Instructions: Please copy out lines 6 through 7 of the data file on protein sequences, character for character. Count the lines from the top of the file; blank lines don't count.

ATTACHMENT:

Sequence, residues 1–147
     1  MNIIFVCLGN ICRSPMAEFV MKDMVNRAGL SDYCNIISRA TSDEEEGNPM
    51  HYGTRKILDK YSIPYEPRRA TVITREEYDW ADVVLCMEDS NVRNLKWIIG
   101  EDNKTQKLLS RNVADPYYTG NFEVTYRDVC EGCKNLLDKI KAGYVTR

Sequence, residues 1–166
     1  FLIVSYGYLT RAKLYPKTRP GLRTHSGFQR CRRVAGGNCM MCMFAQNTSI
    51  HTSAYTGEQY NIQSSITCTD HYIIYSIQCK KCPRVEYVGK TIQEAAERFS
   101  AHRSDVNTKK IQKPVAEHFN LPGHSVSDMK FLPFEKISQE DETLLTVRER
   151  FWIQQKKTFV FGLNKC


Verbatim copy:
     1  FLIVSYGYLT RAKLYPKTRP GLRTHSGFQR CRRVAGGNCM MCMFAQNTSI
    51  HTSAYTGEQY NIQSSITCTD HYIIYSIQCK KCPRVEYVGK TIQEAAERFS